Being right is sometimes a double-edged sword. In our 2015 Data Breach Industry Forecast, the Experian Data Breach Resolution team predicted that healthcare-related data breaches would continue to be a growing concern in the coming year. Already, the news is verifying our prediction.
As of the last week of February, 2015, 29 healthcare industry-related breaches had been reported, compromising nearly 88 million records and accounting for more than 99 percent of all compromised records in the first two months of the year, according to the Identity Theft Resource Center. Without question, the Anthem Inc. breach was the largest of the lot, exposing the private information of an estimated 8.8 million to 18.8 million consumers. Those preliminary estimates for the Anthem breach already surpass the total number of records involved in all the medical/healthcare industry breaches that occurred in 2014 – 8.2 million, based on ITRC statistics.
Data breaches are an ever-growing risk for all businesses, but nowhere, perhaps, is their threat and impact more apparent than in the health-care industry. When a data breach occurs in any industry, it puts the financial well-being of both exposed consumers and the breached company at risk. When a health-care breach occurs, consumers – often rightly – fear their very health may also be in jeopardy. The reputational damage can be devastating. So can the monetary costs. CNET reported that the cost of Anthem’s breach could top $100 million, a tab that may tap out the insurer’s cyber-insurance policy.
Having a clear data breach response plan that addresses remediation should be a priority for all healthcare industry organizations, yet ample evidence indicates the industry at large needs to do better.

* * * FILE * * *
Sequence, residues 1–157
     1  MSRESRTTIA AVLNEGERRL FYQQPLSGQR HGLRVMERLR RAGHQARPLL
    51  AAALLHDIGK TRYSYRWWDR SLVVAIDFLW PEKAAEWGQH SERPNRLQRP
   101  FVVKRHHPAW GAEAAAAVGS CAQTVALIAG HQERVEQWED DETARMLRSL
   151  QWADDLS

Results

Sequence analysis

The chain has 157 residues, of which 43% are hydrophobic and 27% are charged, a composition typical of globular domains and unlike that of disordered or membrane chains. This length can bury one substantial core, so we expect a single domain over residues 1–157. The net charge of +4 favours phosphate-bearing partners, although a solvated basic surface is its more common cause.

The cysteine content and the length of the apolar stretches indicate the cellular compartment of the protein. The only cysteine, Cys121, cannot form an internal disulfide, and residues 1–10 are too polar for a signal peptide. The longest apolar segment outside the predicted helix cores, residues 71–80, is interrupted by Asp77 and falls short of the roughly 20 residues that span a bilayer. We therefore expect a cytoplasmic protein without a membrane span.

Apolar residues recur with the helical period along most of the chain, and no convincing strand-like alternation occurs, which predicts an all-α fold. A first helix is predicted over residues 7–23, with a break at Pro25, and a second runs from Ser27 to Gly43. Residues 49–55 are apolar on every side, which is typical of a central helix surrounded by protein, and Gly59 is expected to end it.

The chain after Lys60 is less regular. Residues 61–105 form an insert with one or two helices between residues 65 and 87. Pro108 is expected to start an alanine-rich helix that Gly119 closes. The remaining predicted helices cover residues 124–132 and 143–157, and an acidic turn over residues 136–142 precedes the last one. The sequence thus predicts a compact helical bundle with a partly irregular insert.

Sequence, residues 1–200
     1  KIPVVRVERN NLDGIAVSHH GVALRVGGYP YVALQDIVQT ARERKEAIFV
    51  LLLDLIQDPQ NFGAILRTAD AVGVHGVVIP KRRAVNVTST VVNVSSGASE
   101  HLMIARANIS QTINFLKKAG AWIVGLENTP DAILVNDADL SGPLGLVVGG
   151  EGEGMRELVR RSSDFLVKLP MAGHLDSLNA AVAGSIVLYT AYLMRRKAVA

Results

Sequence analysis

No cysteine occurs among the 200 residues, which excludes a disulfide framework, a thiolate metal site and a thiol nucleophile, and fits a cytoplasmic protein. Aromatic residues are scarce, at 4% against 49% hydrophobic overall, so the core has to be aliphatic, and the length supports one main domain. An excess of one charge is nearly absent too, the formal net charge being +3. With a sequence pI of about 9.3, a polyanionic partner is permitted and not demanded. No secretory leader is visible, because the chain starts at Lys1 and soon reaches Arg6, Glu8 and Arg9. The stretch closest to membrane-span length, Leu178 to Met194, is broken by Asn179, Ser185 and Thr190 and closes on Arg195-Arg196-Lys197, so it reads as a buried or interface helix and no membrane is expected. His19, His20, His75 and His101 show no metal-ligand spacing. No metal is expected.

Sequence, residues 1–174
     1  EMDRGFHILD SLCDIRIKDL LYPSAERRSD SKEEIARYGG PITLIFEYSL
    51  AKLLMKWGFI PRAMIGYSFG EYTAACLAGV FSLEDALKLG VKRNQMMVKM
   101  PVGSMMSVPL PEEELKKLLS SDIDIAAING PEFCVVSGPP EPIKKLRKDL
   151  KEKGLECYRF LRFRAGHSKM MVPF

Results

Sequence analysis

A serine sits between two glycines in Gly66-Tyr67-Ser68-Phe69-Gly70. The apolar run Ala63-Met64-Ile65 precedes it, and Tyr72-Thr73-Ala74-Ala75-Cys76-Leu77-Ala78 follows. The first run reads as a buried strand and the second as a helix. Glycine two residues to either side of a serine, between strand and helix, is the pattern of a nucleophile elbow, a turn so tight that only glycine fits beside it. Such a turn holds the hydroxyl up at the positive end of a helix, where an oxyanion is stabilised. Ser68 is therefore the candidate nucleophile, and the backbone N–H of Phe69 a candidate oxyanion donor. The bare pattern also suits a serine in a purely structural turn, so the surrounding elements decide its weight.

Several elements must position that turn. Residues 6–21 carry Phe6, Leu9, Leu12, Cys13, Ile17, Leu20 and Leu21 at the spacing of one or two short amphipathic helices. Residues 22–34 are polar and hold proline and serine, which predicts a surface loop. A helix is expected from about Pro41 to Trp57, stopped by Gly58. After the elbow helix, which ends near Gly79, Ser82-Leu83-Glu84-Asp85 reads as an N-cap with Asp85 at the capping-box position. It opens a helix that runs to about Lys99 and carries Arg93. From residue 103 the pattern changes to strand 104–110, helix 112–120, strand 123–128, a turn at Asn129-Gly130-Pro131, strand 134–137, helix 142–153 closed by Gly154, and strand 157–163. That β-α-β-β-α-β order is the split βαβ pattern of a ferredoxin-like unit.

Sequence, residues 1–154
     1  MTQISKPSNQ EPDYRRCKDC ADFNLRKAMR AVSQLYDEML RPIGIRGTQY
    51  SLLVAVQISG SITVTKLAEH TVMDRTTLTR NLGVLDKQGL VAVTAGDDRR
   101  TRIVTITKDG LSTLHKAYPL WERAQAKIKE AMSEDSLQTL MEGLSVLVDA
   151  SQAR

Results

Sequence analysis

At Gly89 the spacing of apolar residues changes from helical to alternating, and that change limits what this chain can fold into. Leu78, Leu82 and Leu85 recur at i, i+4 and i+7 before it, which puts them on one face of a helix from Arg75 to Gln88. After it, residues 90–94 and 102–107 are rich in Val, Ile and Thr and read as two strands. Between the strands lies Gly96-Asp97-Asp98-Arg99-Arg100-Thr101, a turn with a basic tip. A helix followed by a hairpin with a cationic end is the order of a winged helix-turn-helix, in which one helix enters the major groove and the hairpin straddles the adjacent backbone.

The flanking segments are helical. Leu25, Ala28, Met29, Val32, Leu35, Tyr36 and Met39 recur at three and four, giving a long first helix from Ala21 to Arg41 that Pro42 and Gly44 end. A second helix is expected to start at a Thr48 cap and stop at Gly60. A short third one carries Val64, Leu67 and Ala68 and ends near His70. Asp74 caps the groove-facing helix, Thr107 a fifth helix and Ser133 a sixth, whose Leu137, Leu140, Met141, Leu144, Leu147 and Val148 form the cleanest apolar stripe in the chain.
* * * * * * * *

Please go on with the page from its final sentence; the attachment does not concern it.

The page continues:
Distressingly, more than half (54 percent) of the healthcare industry IT and security professionals surveyed for the 2013 HIMSS Security Survey said their organizations spent less than 1 percent of its overall IT budget on data breach/cyber incident remediation. Eighteen percent spend between 1 and 3 percent, 2 percent spend 7 to 12 percent, and a stunning 20 percent didn’t know how much they spent on remediation. What’s more, when a breach occurred, notification actions were inconsistent; 79 percent said they notified affected patients, 47 percent notified the government, and half with a breach that impacted more than 500 patients reported it to the local media.
Underwritten by Experian Data Breach Response, the HIMSS report concluded that health-care organizations need to improve their security measures, and we concur. An effective data breach response plan is a vital tool to protect a healthcare organization from the potentially monumental negative fallout of a data breach.